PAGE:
Icelandic horses should
have five gaits - Walk - Trot - Tölt -
Canter - Flying Pace
WALK - the usual slow four-beat gait in which there are always at
least two feet on the ground. However, most Icelandics have an extremely good walk which
covers the ground very well.
TROT - a two-beat diagonal gait (diagonal pairs of legs move
together) which has a moment of suspension in which there are no legs on the ground
TÖLT - a four-beat lateral gait in which there is always at least
one foot on the gound. As there is no moment of suspension this gait is very smooth and
comfortable for the rider. It can be performed at any speed from a slow trot to a gallop.
CANTER - a three-beat gait with a moment of suspension. The
Icelanders count canter and gallop as a single gait.
FLYING PACE - a two-beat lateral gait in which the pairs of legs on
the same side move togethe, and there is a clear moment of suspensionr. This is a fast
gait used for racing over short distances, and the horses can reach 30mph.
History shows us that, as little as 300 years ago, most horse breeds
possessed lateral gaits. Chaucer´s "palfreys" and "amblers" were
soft-gaited horses, much prized for their comfortable way of going. But over the
centuries, horses were bred for greater size and trotting ability (a gait better suited
for pulling carts or for mounted warfare) and gradually most horse breeds lost their
lateral gaits. Only in a few isolated areas away from so-called "civilisation"
did horses stay lateral. Thus we have Icelandics, Peruvian Pasos and Paso Finos, Basuto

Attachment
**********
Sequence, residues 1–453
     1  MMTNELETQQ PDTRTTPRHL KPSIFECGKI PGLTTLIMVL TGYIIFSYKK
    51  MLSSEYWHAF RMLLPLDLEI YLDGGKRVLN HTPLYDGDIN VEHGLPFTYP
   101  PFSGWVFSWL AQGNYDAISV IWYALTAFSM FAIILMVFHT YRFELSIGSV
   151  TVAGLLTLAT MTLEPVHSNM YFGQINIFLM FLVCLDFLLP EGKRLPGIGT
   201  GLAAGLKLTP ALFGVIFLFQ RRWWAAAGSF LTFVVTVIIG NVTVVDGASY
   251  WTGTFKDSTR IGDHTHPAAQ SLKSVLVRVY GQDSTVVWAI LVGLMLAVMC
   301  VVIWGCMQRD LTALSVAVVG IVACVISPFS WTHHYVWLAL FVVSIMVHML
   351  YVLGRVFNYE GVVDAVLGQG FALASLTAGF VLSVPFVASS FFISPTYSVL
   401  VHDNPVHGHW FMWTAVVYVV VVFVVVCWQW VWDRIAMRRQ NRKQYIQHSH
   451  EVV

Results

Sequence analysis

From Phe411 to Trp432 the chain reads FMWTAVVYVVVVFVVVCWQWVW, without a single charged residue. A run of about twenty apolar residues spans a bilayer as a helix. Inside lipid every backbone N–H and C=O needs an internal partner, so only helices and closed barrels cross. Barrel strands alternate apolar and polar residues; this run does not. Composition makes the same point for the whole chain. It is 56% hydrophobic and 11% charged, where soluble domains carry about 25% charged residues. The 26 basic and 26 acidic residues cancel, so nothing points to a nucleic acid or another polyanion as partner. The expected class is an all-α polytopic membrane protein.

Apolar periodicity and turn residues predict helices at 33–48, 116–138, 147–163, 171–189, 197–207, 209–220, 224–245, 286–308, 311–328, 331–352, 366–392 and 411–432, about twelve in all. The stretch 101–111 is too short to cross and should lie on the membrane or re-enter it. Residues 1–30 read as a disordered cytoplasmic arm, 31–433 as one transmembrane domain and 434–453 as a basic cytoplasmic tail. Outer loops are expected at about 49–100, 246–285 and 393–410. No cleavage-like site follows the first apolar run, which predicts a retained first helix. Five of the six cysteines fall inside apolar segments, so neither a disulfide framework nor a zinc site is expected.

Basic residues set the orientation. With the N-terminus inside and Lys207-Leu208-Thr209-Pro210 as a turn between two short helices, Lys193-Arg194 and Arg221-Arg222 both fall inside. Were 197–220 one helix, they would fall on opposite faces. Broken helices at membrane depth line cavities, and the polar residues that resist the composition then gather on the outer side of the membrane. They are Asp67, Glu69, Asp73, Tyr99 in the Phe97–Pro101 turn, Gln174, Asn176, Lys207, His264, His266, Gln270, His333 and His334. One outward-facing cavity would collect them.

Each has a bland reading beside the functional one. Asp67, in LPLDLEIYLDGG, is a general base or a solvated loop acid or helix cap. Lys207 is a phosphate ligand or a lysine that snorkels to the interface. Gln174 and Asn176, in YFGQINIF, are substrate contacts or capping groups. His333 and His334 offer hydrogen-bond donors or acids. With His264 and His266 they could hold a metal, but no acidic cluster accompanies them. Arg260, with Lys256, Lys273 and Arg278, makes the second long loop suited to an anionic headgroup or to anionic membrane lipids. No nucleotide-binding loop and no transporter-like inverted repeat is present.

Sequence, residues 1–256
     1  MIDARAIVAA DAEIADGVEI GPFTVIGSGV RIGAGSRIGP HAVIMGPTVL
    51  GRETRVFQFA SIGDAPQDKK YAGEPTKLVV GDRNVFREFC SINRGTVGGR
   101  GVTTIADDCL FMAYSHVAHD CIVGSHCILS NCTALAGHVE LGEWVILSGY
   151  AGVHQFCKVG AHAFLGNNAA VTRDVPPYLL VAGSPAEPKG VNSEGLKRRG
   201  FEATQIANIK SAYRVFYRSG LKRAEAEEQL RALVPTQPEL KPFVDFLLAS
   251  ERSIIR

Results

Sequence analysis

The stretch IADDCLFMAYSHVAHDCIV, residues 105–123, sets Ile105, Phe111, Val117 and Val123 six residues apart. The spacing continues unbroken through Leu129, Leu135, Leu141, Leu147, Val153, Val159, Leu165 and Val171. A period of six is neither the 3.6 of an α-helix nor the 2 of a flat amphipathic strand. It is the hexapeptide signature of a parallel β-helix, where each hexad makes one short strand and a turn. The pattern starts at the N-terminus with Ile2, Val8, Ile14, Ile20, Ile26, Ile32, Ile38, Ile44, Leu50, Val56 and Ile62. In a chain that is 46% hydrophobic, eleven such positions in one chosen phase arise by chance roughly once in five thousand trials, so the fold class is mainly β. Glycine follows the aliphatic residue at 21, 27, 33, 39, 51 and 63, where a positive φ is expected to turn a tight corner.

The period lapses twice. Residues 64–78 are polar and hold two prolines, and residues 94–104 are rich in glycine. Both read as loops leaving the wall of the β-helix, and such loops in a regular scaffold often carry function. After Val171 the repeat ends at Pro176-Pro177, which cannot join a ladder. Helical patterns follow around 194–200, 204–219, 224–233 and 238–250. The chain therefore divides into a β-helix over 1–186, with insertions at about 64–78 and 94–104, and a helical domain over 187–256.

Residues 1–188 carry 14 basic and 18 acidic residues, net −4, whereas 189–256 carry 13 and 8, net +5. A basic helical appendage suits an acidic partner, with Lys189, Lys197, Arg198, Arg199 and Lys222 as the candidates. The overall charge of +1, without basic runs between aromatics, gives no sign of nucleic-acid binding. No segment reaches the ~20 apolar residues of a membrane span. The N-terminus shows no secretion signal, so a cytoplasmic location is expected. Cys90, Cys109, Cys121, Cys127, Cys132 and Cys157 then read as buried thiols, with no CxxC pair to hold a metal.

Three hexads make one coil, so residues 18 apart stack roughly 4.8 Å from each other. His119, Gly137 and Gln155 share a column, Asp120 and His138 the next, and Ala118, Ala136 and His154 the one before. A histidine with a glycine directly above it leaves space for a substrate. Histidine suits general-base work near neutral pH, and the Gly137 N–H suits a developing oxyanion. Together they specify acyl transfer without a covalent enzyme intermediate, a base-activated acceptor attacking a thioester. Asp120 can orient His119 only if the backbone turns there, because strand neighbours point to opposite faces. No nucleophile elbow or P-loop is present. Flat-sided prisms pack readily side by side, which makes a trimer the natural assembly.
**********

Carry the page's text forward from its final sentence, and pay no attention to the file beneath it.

Ponies (in Africa), the Cretan Horse, some of the American breeds and only a few others
which still have the easy gaits.
Icelandics have lived on Iceland in total isolation for a thousand
years. There has been no in-breeding due to the law passed by the Icelandic parliament in
982AD which forbade any importation of horses to prevent disease. Even today, any horse
which leaves Iceland can never return. So today´s Icelandics are the direct descendants
of the Viking horses who possessed the lateral gaits.
- Flying Pace
Not all Icelandics can do the flying pace. Four-gaited horses do walk,
trot, canter and tölt, and five-gaited Icelandics add pace to their repertoire. To ride
flying pace is wonderfully exhilarating, but it´s not easy. Both horse and rider must
have excellent balance, and the horse will become stiff if ridden in pace very often.
It´s best kept for races, so four-gaited horses are no less valuable than their
To see some online videos of Icelandic horses in action, click here (offsite)